With so much uncertainty in so many areas due to the global health crisis, many house-moves and renovation work projects are, rightly, paused for now.
However, to the extent it’s possible to do so, we suggest continuing to work on finalising the planning/ designing/ decision-making during this ‘on hold’ period. When normal-ish life resumes, you can have made (most of) the remaining design/ choosing, etc. decisions and obtained related costings, with less time pressure than usual, and be ready to start ordering and getting on site at an appropriate time.
Working on your renovation project may also be a welcome distraction… We’ll continue to share content to advise and inspire.
Renovating a flat
Every home renovation job is different (which is why we love our job…), but there are specific challenges common to renovating flats. If they’re considered early on, they can usually be resolved successfully – with the appropriate expert help and some careful planning.
Party Wall Awards;
If you’re doing work to load-bearing walls, or to (or near) foundations, you’ll need to consider the Party Wall Act.
With neighbours above and below, as well as to the side, you may need PWAs in place with several different owners. (Usually, Awards should be served on the freeholder and all long-term leaseholders – tenants don’t usually need to be notified legally but it makes sense to give them plenty of notice.)
Management companies and Freeholders;
Depending on the nature of the work and the provisions of your lease, you may need permission from the management company and/ or the Freeholder. Expect this to involve paperwork, fees, and some amount of time waiting for permission. We advise getting this started as soon as the scope of the job is confirmed.
Some flats share various elements of the plumbing e.g. a shared water tank for mains water or a communal heating or hot water system. This often means that, to make changes to your plumbing, the water for the whole block needs to be turned off. This requires more co-ordination and permissions.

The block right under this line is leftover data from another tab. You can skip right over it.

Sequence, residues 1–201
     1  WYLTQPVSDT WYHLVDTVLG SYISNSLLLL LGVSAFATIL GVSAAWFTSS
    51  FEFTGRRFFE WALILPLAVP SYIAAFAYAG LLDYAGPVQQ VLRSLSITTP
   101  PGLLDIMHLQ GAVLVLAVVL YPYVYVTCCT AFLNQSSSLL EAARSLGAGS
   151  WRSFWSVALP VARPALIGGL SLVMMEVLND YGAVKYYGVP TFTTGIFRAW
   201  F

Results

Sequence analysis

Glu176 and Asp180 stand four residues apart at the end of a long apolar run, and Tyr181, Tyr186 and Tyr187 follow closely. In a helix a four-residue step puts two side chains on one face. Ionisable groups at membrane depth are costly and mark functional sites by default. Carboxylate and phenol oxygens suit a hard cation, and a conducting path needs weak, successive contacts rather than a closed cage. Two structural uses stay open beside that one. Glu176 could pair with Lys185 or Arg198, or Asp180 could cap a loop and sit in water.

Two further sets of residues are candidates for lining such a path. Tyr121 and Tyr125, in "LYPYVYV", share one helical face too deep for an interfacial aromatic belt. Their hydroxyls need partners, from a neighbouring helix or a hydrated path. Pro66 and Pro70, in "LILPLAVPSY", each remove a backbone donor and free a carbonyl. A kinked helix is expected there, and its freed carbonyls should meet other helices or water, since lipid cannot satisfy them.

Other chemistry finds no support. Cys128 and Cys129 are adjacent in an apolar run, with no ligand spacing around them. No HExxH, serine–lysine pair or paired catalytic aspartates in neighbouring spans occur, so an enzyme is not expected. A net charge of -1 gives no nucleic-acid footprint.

Access restrictions & protecting communal areas
Your contractor may not be allowed to use the shared lift (or it may be too small/ unreliable), so ensure they price for the time and work to carry things in manually.
This is worth considering e.g. when choosing large format tiles or big appliances (American fridges…) Similarly, they will need to allow for adequate protection to and cleaning of the finishes in the communal area.
In modern purpose-built blocks or converted commercial buildings, the main structure will be concrete – including the floor/ ceiling slab. (In houses/ conversions, this is usually timber joists and beams, with gaps – in which you can hide plumbing, downlights etc.)
If your floor & ceiling are concrete, these elements will need to sit on top of the slab. Ensure your electrical & plumbing plans factor these in:
- Cables to be chased into the ceiling/ floor
- Soil pipes & ventilation ducts to be concealed in boxing/ false ceilings
- Shower areas may need to be raised to allow for drainage
A particular bug-bear of ours; in modern blocks of a particular era, and in some converted buildings, the windows go right to the ceiling with no space to fit a curtain rail or blind. There is usually a solution (e.g. a very shallow or recessed track, or frame-mounted blinds) but we’d always advise designing this element early on in case it requires a technical (read ‘expensive’) solution.
We regularly tackle these kinds of challenges, so if you are planning to renovate your flat, get in touch!